Shalin 2015

Forestry Mapping

Participation in improved forest governance 

Previously we have developed mapping projects in different forest based communities in Kenya.   Below is a current example of work we are able to deliver as a service.

Sri Lanka’s protected natural forests are rapidly deteriorating due to unauthorized clearing for commercial farming, plantations, and other top-down development activities. These land use changes are disrupting  the ecological services, particularly the regulation of water regimes, and has increased the human-elephant conflict that causes severe damage to cultivations and other property. Other than ecological consequences, forest clearing is blocking out local communities and denying their customary rights to the forests.

The overall objective of the project is to sustain ecological services provided by forests for the benefit of the local communities. The ecological services include regulation of water regimes, maintenance of soil quality, biodiversity, limiting erosion and land-slides and modulating micro-climate.

The project attempts to improve forest governance with local communities’ participation in decision making and management of forests in the selected project areas. The provisions made in the Forest Policy for the participation of local communities, when adequately implemented, gives tools to sustainable management of forest resources.

Working together with the Forest Department, the project will facilitate the creation of Forest Governance  Platforms/Forest Forums for bringing together communities, government stakeholders, political and religious leaders and other stakeholders. Forest Management Plans, which development is led by the Forest Department, will be the most concrete output. The project will facilitate this by, for example, bringing together and raising awareness of different stakeholders and producing necessary studies on the use and biodiversity value of the forests. There are incidences when land-grabbing cases can´t be solved without legal interventions; in these cases, the communities are provided legal assistance and support to protect them from illegal land-grabbing. Sustainable forest management is complemented by a livelihood component that aims at improving livelihoods based on sustainable use of forest resources, i.e. related to utilization of NTFPs.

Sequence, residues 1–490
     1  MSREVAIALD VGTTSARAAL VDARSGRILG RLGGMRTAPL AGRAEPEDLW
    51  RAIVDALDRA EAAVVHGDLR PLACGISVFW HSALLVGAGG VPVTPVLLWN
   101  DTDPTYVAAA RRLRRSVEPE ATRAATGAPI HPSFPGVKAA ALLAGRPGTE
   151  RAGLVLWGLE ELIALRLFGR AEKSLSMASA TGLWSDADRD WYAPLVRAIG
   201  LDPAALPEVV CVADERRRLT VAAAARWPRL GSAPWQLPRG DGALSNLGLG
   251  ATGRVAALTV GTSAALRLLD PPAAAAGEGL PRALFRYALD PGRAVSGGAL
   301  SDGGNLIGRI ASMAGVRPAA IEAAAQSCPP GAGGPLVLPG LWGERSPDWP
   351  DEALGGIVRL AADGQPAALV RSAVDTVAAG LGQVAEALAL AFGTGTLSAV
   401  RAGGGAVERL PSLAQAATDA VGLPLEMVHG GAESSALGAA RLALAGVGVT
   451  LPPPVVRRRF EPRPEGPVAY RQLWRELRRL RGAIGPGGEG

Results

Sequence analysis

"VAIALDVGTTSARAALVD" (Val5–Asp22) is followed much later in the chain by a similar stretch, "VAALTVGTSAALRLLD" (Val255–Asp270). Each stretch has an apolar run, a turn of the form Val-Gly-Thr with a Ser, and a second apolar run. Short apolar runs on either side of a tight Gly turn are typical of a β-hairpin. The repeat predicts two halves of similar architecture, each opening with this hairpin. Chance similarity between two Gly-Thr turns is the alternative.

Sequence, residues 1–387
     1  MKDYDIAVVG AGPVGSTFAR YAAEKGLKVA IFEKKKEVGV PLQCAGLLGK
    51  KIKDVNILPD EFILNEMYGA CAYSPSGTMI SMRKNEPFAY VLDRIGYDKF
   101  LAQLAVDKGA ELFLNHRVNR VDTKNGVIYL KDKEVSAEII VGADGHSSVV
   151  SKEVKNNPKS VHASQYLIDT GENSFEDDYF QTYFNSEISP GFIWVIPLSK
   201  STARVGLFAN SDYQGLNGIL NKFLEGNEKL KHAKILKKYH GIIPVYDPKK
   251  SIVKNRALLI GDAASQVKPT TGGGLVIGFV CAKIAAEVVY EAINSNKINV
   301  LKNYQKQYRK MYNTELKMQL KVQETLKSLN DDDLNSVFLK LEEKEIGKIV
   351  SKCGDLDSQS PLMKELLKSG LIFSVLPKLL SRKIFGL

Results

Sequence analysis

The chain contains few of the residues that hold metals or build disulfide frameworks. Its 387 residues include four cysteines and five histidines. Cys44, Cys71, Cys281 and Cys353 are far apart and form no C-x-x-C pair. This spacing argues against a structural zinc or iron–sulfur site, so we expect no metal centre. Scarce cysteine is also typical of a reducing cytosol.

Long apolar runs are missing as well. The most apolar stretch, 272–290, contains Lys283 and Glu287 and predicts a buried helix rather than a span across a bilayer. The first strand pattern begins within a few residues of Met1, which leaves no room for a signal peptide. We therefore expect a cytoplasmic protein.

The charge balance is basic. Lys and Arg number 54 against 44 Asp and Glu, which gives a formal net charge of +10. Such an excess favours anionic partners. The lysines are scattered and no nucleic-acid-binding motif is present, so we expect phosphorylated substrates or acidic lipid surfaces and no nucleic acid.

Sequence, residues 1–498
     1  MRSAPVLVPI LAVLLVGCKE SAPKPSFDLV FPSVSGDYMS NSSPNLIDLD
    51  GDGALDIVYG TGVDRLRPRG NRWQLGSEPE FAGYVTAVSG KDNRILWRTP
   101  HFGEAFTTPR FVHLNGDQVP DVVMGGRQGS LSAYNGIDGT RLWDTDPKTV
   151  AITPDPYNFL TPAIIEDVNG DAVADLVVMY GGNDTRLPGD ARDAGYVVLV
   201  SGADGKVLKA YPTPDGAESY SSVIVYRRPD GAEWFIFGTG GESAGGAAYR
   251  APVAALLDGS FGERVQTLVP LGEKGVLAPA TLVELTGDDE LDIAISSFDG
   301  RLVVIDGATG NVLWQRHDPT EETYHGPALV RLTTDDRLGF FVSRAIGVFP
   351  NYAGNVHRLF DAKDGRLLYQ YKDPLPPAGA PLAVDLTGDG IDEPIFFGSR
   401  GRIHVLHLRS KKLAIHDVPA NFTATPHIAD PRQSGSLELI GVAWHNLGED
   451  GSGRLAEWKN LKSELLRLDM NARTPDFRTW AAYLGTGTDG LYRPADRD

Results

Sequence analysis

The project will be implemented in three areas, namely Nilgala in Monaragala District and Welioya/Sorgune  and Erathna in Ratnapura District. The direct beneficiaries will be the communities living adjacent to the natural forests who will be empowered to take part in the governance of the forests. Indirect benefits are extensive, including thousands of down-stream farmer families, as well as the global community in the form of preserving carbon stocks and biodiversity.

Project has received funding from the Ministry for Foreign Affairs of Finland for three years, starting in  January 2015. Contact the project management team in Finland: srilankaforest(at)

The local partner organisation Centre for Environmental Justice (CEJ) is a national level NGO engaged in the promotion of Environmental Good Governance and Environmental Justice. We engage in our activities through law and science. Our Vision is “Environmental Justice for all” and the mission it to “Protect the equal environmental rights of the people & environment and promote ecological sustainability by supporting ecologically sound community activities”. The objectives include sharpening the public debate on environmental good governance, promote ecologically sustainable development and environmentally responsible neighbourhoods, safeguard nature and people from environmentally & socially irresponsible activities and human rights violations, promote community participation in decision making on natural resources and, promote environmental justice and equity through legal and other means. The said goals are in the bylaws of the organization.

CEJ was established in January 2004 and is registered as a guaranteed limited liability company to appear before the courts when engaging in public interest litigation. CEJ has a board of Directors appointed at the  Annual General Meeting by the membership. We have 70 members and around 2000 individual non-voting members. CEJ has both legal and science staff to deliver the pro bono service to the public especially to the marginalized groups.